Rasqueta, sacho, gancha, raño, angazo, fisga, rastro… are women’s weapons

Unbreakable women like Nélida, a meiga das areas, governed the seafaring families of Val Miñor.

At the end of the 1960s, Simone de Beauvoir published “”La femme rompue ” to denounce the inequalities of the couple. In these times of oppression, 1598 kilometers from Paris, a woman, with her whole body, jumped between the stones of the Atlantic with an iron hook in her hand to catch a pair of octopuses accustomed to the harsh coasts of Cape Silleiro. There was a time when unbreakable women like Nélida, the “Witch of the Sands”, ruled over the fishing families of Val Miñor with determination to lifted the barrow, harvested clams or caught sea knives in the waters of Panxon. The expression of female emancipation, so fashionable today, was embodied at that time by women wearing rain boots, a headscarf and array of equipment. There was a time in this region when, for every man who set out from the port, a woman would rush through the sand, defying the tides by dislocating her back laden with salt-soaked scrap metal. Visitor friend, these beautiful beaches also offer a face of abnegation and devotion in the cold and violent seas of winter.

The land for those who work it and the barnacle for those who carry a knife, that was the dominant idea when the sea was generous and that no one lacked anything. There were no taxes, but there were no rights either, for seafood pioneers such as Nélida

Known from the stones of Baredo to the most infinite rock of the Estelas Islands, Nélida began working when shellfish were a gift from the sea for the neighbors who made an effort to catch them. There was no need for legislation. The land for those who work it and the barnacle for those who carry a knife, that was the dominant idea when the sea was generous and that no one lacked anything. Decades and decrees later, she would continue to be as loved by the poachers as by the fishing guards.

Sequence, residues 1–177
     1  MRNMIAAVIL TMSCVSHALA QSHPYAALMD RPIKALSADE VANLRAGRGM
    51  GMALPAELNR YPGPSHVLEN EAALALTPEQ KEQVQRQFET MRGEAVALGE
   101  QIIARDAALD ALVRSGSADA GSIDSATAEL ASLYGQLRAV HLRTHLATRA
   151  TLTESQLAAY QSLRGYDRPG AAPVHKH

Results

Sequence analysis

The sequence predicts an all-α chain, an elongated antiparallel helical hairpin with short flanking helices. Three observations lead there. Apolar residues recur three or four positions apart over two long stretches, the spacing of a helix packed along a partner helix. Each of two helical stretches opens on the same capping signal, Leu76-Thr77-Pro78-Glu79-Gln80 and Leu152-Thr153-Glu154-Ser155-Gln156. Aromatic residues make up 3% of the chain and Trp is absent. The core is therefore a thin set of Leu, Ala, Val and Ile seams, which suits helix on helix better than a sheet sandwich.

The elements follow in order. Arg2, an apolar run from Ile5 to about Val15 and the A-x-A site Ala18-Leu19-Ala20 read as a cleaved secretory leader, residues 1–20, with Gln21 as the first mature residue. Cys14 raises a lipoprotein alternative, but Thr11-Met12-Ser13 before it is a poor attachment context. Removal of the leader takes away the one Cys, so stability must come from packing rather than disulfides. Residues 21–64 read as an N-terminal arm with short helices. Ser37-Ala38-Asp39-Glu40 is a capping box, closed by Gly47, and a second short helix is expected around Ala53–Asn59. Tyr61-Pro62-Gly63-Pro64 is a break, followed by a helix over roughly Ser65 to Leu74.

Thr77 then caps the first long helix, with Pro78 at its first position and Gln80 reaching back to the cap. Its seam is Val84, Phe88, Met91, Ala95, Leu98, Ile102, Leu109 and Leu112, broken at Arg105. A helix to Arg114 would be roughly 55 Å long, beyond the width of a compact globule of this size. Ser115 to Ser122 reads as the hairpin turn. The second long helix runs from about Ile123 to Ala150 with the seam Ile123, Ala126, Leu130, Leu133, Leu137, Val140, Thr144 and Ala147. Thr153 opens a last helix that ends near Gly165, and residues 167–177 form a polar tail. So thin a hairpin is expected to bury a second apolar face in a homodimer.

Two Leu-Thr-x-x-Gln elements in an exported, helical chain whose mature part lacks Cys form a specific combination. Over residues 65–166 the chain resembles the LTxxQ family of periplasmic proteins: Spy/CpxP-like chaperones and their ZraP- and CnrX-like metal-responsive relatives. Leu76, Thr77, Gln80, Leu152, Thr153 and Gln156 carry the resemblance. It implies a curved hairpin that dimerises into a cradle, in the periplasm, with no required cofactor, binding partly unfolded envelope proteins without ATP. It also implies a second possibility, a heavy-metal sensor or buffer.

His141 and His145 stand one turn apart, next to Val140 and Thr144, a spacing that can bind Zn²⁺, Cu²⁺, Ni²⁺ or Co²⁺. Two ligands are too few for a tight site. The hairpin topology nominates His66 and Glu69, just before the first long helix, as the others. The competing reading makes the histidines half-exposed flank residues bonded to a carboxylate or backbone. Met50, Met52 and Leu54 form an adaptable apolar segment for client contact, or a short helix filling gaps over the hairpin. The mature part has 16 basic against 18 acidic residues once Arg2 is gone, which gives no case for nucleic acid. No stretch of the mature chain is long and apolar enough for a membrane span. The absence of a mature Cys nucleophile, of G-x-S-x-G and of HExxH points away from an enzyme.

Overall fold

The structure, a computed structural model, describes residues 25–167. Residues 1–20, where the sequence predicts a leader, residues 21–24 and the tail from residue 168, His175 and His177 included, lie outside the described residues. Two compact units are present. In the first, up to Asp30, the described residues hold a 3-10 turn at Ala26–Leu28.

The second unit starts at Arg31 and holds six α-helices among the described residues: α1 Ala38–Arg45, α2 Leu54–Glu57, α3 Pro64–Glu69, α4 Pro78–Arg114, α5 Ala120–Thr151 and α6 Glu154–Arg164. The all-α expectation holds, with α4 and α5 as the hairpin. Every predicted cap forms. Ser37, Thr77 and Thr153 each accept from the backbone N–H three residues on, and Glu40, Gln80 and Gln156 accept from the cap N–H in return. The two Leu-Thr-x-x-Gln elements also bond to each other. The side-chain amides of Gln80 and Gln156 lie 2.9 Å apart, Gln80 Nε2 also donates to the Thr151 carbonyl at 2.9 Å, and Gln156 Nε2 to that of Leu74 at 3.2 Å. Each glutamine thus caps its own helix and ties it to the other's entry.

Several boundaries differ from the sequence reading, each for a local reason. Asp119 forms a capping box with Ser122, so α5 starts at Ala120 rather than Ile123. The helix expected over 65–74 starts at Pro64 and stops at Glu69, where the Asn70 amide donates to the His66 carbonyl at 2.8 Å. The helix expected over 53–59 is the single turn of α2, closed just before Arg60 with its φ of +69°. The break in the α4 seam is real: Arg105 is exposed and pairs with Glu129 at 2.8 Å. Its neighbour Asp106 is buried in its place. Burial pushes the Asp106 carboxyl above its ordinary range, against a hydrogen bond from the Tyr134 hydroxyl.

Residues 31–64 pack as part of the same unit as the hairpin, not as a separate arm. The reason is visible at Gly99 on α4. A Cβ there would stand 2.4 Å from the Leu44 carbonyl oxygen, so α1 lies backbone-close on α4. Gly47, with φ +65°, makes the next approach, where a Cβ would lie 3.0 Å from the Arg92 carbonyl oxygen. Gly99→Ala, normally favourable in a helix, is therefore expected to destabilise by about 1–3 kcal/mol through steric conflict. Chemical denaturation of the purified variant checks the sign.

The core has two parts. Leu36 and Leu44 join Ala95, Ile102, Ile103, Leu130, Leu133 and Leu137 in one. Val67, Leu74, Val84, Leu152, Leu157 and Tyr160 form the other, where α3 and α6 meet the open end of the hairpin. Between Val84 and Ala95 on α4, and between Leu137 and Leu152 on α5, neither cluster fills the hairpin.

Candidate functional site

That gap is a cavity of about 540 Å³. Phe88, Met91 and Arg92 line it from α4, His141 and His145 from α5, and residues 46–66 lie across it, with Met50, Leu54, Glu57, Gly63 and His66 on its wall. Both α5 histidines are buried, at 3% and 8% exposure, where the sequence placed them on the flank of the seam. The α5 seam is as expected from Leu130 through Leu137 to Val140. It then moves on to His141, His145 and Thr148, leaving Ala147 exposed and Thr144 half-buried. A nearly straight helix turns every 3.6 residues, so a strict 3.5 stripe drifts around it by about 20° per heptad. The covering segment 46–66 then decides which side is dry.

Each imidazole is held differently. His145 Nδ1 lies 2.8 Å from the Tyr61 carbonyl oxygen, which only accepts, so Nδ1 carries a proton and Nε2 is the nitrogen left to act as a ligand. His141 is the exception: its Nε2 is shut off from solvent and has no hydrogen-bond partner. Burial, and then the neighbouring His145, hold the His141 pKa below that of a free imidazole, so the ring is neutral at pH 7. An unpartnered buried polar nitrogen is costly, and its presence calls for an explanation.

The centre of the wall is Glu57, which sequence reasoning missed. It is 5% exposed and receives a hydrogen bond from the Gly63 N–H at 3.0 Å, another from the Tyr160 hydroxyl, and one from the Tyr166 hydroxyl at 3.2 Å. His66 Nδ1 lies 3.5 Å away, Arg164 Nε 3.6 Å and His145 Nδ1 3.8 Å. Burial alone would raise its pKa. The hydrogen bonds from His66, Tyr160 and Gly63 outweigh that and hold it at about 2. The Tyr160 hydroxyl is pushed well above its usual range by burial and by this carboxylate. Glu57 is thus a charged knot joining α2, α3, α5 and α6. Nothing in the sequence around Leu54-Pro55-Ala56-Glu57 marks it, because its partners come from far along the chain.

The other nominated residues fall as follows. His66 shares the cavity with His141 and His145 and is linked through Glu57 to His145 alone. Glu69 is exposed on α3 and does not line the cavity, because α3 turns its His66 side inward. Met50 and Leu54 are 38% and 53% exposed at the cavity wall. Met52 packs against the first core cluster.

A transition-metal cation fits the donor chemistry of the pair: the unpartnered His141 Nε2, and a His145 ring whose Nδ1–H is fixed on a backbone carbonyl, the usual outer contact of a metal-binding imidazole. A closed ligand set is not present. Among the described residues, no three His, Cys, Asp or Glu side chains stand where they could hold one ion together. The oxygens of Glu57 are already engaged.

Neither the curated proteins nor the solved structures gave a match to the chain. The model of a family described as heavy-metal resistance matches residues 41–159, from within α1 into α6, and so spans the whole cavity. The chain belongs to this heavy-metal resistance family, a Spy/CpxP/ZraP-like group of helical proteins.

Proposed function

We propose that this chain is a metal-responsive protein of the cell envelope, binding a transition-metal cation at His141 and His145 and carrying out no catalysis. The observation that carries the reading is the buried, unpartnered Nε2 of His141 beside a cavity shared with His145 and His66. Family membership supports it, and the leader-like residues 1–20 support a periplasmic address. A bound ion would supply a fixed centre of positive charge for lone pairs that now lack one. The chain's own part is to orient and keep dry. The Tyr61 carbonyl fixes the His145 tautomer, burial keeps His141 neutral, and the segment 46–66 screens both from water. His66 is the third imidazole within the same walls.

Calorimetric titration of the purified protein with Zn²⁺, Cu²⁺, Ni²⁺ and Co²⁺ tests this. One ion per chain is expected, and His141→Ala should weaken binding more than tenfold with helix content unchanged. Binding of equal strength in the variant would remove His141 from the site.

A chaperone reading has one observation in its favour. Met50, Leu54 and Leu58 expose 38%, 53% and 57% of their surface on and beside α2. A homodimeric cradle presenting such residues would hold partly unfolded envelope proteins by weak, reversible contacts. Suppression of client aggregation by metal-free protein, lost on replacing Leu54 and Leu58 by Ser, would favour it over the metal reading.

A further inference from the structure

With a chiseled face furrowed by the northeast wind, adored by her grandchildren, always in a good mood, people still remember experiences with her. Today, she would have lots of followers. Nélida taught her spells to many young people who accompanied her as in a movie adventure. Suso, a retired percebes fisherman with white skin and blue eyes says that the meiga das areas taught him, like a magician, the tricks needed to catch the most elusive shellfish. “She helped everyone, everyone loved her,” Suso recalls gratefully.

”Boy, do you want to learn how to catch an octopus? Take this pannier and come with me.”

Val Miñor was a land, sand and stone, more than a land – of pioneering women who ruled the sea and families. No fisherwomen without broken backs and knees cut by mussels or sea urchins, none who have seen chronic cut. This is how Lu remembers, a retired fisherwoman with black eyes like the depths of the sea, who worked for years in a cetárea in Morrazo, on the north side of the estuary.

One day, at the end of the 1970s, Nélida sees a small townsman near the sea and says to him: “Boy, do you want to know how to catch an octopus? Take this basket and come with me.” The boy who was not yet ten years old, took the red basket, an iron hook and ran after the plastic boots of Nélida wich nicknamed was “the witch of the sands” to live his first marine adventure. by jumping on the stones of the Atlantic Ocean.

Apartment Hostel on the banks of the Rías Baixas

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Hola! 👋 Soy Elisabeth de A Meiga das Areas
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